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How to Wind Down your Medical Practice in Saskatchewan

Frequently Asked Questions

  1. How long in advance should I plan my retirement?
    It is never too early to start planning for your retirement. If possible, time it to coincide with when your office lease expires (if applicable). Seek advice regarding financial planning and taxation as soon as you can after you’ve made the decision to retire to ensure that all future actions taken and decisions made are in your best interest and to avoid any surprises. All legal documents should be reviewed regularly over the course of time and especially as circumstances change (e.g., new association or partnership, change of venue, etc.).


  2. What are my obligations to my staff when I retire?
    While the Department of Labor sets out the minimum amount of notice you must provide to your staff, if you can, try to give more notice than you’re legally required to. If a new physician is taking over your practice, you should likely terminate the employment of your staff. Then, if the new physician so chooses, he or she an immediately rehire them. Advise the new physician that employees rehired in this manner will retain their vacation and other employment rights.


  3. What other contractual obligations should I review when I’m planning my retirement?
    There are a number of contractual arrangements you should review in preparation for your retirement, including office and equipment leases, partnership or associate agreements, financial obligations for loans, and shareholder buy/sell agreements.


  4. Who else should be notified of my retirement?
    When you are preparing to retire, be sure to notify colleagues, physicians in your on-call group, nursing homes, hospitals, health regions or authorities, pharmacies, allied health-care providers, the SMA, the College of Physicians and Surgeons of Saskatchewan, and the Canadian Medical Protective Association (CMPA).


  5. What are my options for storing patient charts?
    According to the College of Physicians and Surgeons of Saskatchewan a physician who stops practising must:
    1. transfer the records to a member with the same address and telephone numbers; or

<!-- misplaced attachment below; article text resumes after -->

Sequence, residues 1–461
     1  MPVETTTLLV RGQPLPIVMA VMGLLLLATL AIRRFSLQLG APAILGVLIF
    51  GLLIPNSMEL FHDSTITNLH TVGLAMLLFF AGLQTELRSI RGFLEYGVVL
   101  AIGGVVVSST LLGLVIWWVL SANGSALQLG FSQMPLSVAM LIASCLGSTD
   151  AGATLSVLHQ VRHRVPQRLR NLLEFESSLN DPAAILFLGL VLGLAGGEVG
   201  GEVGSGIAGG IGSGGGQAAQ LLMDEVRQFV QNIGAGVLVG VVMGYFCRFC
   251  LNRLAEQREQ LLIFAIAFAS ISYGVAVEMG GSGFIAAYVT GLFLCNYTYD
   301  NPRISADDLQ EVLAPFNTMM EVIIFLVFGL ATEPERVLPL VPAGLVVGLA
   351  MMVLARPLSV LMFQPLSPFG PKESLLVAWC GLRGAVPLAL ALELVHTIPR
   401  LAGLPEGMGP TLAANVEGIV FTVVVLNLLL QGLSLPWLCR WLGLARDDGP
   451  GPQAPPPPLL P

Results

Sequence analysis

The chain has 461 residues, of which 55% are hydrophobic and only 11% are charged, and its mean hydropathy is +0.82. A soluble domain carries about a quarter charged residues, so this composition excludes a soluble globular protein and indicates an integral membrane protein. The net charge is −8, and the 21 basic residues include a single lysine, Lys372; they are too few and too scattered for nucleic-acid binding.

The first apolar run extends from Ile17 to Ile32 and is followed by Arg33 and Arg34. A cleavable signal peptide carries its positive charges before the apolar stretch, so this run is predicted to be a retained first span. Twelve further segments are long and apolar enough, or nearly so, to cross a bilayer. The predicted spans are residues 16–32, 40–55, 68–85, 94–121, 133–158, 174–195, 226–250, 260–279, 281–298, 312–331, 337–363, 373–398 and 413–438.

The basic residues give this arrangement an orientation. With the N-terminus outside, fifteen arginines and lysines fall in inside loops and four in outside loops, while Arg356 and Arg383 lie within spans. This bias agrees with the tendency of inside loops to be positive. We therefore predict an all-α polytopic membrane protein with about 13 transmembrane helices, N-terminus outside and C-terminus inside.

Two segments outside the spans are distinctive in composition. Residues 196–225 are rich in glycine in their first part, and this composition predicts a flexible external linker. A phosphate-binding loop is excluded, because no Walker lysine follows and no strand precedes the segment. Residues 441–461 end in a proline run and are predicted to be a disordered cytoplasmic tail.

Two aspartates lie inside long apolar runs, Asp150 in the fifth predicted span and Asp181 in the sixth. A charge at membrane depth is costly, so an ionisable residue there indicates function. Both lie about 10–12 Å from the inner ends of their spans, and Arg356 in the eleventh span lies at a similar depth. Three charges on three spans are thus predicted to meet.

2. transfer the records to: 1) another member practising in the same geographic area, 2) the medical records department of a health-care facility, or 3) a secure storage area with a person designated to allow physicians and patients reasonable access to the records, after publication of a newspaper advertisement indicating when the transfer will take place.

  6. Is selling my practice a viable option?
    Selling goodwill in a practice is only a viable option in an over-serviced area where physicians must compete for patients. In most cases, only the tangible assets have value. In setting a purchase price, be sure to explicitly spell out the amount allocated for goodwill and hard assets. All physicians should seek information on the tax implications of selling a practice. Be sure to get professional legal and tax advice before finalizing any sale agreement.


    If you are part of a group practice, you will likely have the option of transferring your patients to the remaining partners. If you are in a solo practice, you could recruit another physician to assume your practice. Physicians should seek out information on all the different avenues available to them for recruiting, including  advertising in the SMA News, posting the opportunity in other medical journals, and contacting the recruiting officers in their health region. If you cannot find a replacement, you can simply close your practice. While there are no repercussions from the College of Physicians and Surgeons, you should – out of courtesy – notify your existing patients that you are winding down your practice. 


  7. What are my obligations if another physician is taking over my practice?
    You should send a letter introducing the new physician to your patients, colleagues, and the local medical community via a letter of introduction. This will ensure a smooth transition between you and the physician taking over your practice.


  8. If I am in group practice, what are the group’s obligations when I retire?
    The group’s obligations will depend on the wording of the agreements you have in place. Seek professional advice in this regard, especially if there are no formal agreements or contracts among members of the group